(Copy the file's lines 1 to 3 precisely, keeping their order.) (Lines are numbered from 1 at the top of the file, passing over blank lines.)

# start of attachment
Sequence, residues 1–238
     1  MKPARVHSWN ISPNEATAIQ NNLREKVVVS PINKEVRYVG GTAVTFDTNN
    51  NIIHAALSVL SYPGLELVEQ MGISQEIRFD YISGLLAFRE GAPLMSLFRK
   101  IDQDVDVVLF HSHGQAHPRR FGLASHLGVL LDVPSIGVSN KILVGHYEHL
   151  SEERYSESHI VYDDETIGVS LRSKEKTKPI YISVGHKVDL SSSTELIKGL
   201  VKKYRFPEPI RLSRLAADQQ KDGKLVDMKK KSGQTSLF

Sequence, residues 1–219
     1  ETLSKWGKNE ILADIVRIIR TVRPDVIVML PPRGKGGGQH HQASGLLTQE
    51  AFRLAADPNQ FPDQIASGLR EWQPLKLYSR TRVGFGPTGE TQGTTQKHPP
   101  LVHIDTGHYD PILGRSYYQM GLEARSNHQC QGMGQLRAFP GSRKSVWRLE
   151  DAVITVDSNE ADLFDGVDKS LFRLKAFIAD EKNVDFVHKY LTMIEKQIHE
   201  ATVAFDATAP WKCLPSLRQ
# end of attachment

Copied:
Sequence, residues 1–238
     1  MKPARVHSWN ISPNEATAIQ NNLREKVVVS PINKEVRYVG GTAVTFDTNN
    51  NIIHAALSVL SYPGLELVEQ MGISQEIRFD YISGLLAFRE GAPLMSLFRK